would be oversimplifying it if I were to say that The Duchess of
Malfi is all about a young widowed Duchess whose two brothers—a
prince and a cardinal—are dead set against her marrying again
and that they seek a gruesome vengeance upon her after she falls in
love with one of her servants, marries him clandestinely, and subsequently
bears him three children. There are vast amounts of political intrigue
at work in this play, there are spying rogue courtiers aplenty, and
there is treachery enough to choke more than a few bloated plots.
Sadly, pacing problems and underdeveloped characterization issues mar
what might otherwise be a robust and vitally cathartic play. On more
than one occasion it appeared that Ferdinand (Paul Herbert) was reciting
lines rather than reinventing his character, and he was not the only
actor mouthing the lines.
The cardinal (James Gill) on the other hand proves himself as the more
Machiavellian of the two brothers right up until he gives away his diabolical
secret in a scene that runs counter-intuitive to his ‘true’
Despite what director Tariq Leslie suggests about family honour being
the true motive for the vile vengeance these two brothers wreak upon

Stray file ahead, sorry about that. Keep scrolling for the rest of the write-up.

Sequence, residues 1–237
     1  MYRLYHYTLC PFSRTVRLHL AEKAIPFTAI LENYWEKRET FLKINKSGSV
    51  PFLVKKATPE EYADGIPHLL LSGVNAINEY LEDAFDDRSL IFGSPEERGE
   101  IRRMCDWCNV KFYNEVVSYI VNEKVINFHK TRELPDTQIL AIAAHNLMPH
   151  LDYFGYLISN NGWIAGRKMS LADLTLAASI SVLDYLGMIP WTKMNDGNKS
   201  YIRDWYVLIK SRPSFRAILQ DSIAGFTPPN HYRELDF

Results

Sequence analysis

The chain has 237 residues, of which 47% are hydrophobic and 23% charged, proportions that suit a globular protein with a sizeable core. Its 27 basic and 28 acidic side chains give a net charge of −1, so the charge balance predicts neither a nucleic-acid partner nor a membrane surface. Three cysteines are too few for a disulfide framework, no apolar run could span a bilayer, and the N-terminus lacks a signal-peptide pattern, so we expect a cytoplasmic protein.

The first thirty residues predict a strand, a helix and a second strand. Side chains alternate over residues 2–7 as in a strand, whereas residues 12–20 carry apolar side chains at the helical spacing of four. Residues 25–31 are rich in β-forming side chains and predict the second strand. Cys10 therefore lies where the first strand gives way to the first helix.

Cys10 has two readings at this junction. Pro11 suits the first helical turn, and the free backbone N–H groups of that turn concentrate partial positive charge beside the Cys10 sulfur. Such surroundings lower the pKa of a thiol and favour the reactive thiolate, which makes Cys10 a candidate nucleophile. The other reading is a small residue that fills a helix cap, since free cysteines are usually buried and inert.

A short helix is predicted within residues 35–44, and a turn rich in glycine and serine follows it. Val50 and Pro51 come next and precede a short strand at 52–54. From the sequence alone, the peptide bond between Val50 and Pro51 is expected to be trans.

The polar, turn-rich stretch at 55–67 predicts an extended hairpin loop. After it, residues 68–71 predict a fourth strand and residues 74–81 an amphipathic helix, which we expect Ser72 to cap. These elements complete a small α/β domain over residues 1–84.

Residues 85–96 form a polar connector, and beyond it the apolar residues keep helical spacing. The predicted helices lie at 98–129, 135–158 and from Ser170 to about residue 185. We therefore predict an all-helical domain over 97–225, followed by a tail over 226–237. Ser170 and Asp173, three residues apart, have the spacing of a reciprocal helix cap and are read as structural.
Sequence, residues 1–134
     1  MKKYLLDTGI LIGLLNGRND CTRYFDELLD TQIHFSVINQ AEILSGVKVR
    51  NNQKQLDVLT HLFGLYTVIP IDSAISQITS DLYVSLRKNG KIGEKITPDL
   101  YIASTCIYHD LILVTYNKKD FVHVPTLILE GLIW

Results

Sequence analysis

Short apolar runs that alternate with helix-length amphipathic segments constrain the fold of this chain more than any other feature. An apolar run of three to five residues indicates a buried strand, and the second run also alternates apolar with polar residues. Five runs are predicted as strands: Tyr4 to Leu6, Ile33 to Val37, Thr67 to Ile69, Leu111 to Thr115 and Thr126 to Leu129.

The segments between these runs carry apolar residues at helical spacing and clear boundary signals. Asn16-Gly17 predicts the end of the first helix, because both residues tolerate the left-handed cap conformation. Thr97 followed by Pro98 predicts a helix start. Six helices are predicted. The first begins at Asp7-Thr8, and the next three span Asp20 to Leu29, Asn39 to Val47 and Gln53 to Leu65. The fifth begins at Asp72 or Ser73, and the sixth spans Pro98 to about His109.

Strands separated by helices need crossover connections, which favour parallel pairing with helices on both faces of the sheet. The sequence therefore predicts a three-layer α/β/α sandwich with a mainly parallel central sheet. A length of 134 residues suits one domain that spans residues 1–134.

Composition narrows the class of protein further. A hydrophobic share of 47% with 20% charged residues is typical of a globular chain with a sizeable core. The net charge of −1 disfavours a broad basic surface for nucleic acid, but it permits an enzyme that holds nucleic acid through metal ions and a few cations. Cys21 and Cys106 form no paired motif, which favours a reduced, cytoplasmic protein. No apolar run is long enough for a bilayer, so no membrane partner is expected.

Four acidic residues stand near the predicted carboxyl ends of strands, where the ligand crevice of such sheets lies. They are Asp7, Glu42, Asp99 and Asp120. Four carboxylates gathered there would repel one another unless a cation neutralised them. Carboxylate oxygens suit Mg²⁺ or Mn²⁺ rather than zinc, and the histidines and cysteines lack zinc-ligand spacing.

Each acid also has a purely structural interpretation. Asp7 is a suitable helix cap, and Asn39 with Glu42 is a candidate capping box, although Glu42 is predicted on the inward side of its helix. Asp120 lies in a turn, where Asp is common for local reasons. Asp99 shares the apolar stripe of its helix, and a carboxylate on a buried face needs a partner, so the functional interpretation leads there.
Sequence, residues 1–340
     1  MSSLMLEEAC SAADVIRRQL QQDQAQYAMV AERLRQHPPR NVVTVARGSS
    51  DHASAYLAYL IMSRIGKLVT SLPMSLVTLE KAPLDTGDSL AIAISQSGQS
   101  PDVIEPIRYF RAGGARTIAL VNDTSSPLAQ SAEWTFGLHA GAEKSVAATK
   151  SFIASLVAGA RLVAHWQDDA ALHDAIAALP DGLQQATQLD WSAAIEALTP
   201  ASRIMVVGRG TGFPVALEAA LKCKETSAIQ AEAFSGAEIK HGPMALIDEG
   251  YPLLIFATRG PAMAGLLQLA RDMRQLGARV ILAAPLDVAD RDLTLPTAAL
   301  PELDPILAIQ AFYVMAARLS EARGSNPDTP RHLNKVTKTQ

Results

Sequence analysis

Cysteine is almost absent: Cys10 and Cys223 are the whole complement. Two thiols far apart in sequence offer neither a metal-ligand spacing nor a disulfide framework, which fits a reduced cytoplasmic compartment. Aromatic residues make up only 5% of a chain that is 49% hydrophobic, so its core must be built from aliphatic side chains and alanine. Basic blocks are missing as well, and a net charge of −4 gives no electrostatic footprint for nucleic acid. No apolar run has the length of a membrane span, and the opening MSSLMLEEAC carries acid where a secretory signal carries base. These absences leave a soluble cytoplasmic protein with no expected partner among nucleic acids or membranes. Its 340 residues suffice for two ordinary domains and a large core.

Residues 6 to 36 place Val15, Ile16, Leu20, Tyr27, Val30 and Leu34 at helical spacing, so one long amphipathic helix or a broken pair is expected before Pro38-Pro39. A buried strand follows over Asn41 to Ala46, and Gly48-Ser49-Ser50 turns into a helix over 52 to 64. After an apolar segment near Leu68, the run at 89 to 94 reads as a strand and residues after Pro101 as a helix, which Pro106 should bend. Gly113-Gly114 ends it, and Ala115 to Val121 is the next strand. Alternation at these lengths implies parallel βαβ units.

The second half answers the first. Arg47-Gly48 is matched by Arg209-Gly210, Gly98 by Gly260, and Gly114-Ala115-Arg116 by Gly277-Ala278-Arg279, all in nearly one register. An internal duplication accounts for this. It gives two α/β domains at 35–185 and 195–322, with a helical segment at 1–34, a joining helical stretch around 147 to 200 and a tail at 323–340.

their paragon of a sister, one cannot help but feel there were more
mercenary motives at work. Entitlement issues and inheritances seem
more likely at stake here.
The Duchess of Malfi (Alison Raine) is portrayed with skill, finesse
and elegance. Unfortunately there seems to be next to no chemistry between
her and Antonio (Adam Bergquist), the object of her affection. There
is little by way of exposition prior to the Duchess’s sudden come-on
and Bergquist portrays Antonio as a bit a milquetoast, a factor that
goes a long ways towards undercutting a fair bit of the Duchess’s
By this logic, the cardinal and his noble brother Ferdinand ought to
be pitying rather that punishing their sister. Such are a few of the
many plot faults of this ponderous and problematic play. At two hours
and three quarters, it perhaps felt more ponderous than even this convoluted
script warranted. It is a bloody play, but it could have used more passion
in the playing of it.
Darren Hales’ lighting is about right for the morbid mood of this
macabre little piece of Jacobean theatre, and the costumes of Chanel
McCartney and Shelby Page are both authentic and artistic.
It would be remiss of me to end without mentioning how impressive a
madman Kazz Leskard makes. His crazed gaze and fitful rambling monologue
when the fit came upon him as the madmen were loosed upon the Duchess,
was as chilling a representation of lunacy as has been seen in the theatre
on this side of the dark side of the moon.
© 2014 Roger Wayne Eberle